Gathered together to fuck (sex clubs, private orgies, certain New Age groups). One of the simplest and oldest formulas: uniting mankind in its most common aspect. Sexual acts take place, even if pleasure is not always present. That’s already something, but that’s about all there is to it.
    Gathered together to celebrate (masses, pilgrimages). Religion offers a completely original formula: boldly deny the separation and death by affirming that, contrary to appearances, we are immersed in divine love, while advancing towards a blissful eternity. A religious ceremony in which participants have faith would therefore offer a unique example of a successful celebration. Some agnostic participants may even, during the ceremony, feel overwhelmed by a sense belief; but they risk a painful descent (a bit like sex, but worse). One solution: to be touched by grace.
    The pilgrimage, combining the benefits of student demonstration with those of packaged holidays by Nouvelles Frontieres, all in an atmosphere of spirituality aggravated by fatigue, also provides ideal conditions to troll for a pickup, which becomes almost involuntary, even sincere. The charitable assumption at the end of the pilgrimage: marriage + conversion. Otherwise, the descent can be terrible. Plan to follow up on a water-sporting vacation by UCPA, which could be cancelled at the last minute (ask in advance about the cancellation policy).
    CELEBRATE WITHOUT TEARS.
    In fact, just planning to have fun is enough to ensure getting bored. The ideal would therefore be to renounce all celebrations. Unfortunately, the party animal is a figure so well respected that this renunciation would result in a severe weakening of the social image. The following tips should help to avoid the worst (staying alone until the end, in a state of boredom evolving into despair, with the mistaken impression that the others are having fun).

  • Be well aware beforehand that the party will necessarily fail. Visualize the examples of past failures. This does not mean to adopt a cynical and jaded attitude. On the contrary, humble and cheerful acceptance of the common disaster can lead to success: transforming a failed party into a pleasant occasion of banality.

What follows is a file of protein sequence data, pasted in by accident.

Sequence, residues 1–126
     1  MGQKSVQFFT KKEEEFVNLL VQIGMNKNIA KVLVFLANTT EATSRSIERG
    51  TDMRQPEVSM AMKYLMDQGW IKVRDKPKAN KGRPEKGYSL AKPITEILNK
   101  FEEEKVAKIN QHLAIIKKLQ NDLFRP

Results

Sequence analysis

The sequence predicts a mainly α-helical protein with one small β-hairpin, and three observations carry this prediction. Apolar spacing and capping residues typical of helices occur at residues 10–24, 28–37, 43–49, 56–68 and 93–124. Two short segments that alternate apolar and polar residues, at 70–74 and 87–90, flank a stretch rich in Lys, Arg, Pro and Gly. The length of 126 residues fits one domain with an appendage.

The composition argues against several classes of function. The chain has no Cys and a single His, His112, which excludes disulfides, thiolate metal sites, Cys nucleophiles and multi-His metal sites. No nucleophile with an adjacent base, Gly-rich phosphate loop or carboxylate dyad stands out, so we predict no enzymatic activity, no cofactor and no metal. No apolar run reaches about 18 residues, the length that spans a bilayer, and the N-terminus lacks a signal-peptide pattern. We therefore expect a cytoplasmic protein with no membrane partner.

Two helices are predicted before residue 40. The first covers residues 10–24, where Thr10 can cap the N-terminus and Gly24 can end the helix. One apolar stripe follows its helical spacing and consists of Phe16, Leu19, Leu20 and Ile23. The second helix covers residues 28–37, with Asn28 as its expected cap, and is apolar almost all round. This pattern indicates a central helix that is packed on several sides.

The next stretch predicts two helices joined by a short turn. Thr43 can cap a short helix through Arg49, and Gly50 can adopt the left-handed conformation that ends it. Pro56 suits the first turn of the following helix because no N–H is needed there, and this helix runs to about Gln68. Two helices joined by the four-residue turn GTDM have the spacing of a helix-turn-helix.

• Always anticipate coming home alone, in a taxi.
  • Before the party: drink. Alcohol in moderate doses produces a socializing and euphoric effect which has no real competition.
  • During the party: drink, but lower the doses (the mixture of alcohol with ambient eroticism quickly leads to violence, suicide, and murder). It is more thoughtful to take ½ of a Valium at the right time. Alcohol compounding the effect of tranquilizers will make you sleepy; that’s the time to call a taxi. A good party is a short party.
  • After the party: call to offer your thanks. Wait quietly for the next occasion (an interval of one month, which can shorten to a week during vacations).

    Finally, a consoling perspective: with the help of aging, the obligation to celebrate diminishes; the penchant for solitude increases; real life takes over.

—translated by MZ      


Michel Houellebecq / Vincent Ferrané

Our fondest felicitations and many happy returns, Monsieur Michel. May every dissipated misanthrope connect with his proper match.

Crossposted to [info]larvatus and [info]mhouellebecq.

california dreamin’

Royce’s excursion to Europe and the eastern U.S. fixed in his mind a decided hatred of his native state. California’s provinciality, its ruthless economics, its blind and selfish politics—everything, in fact, but its exquisite natural beauty—filled him with loathing. Compared with the cultural centers that Royce had just left, California had little to offer besides stock speculation, wheat ranching, political charades, racial warfare, and agitation. “Foundation for higher growth we sadly lack. Ideals we have none. Philistines we are in soul most thoroughly. And when we do talk, our topics of discussion are so insufferably finite!’ As a place for philosophical thought, it was execrable. “There is no philosophy in California—from Siskiyou to Ft. Yuma, and from the Golden Gate to the Summit of the Sierras, there could not be found brains enough [to] accomplish the formation of a single respectable idea that was not a manifest plagiarism. Hence the atmosphere for the study of metaphysics is bad, and I wish I were out of it.”
—John Clendenning, The Life and Thought of Josiah Royce, Revised and Expanded Edition, Vanderbilt University Press, 1999, p. 74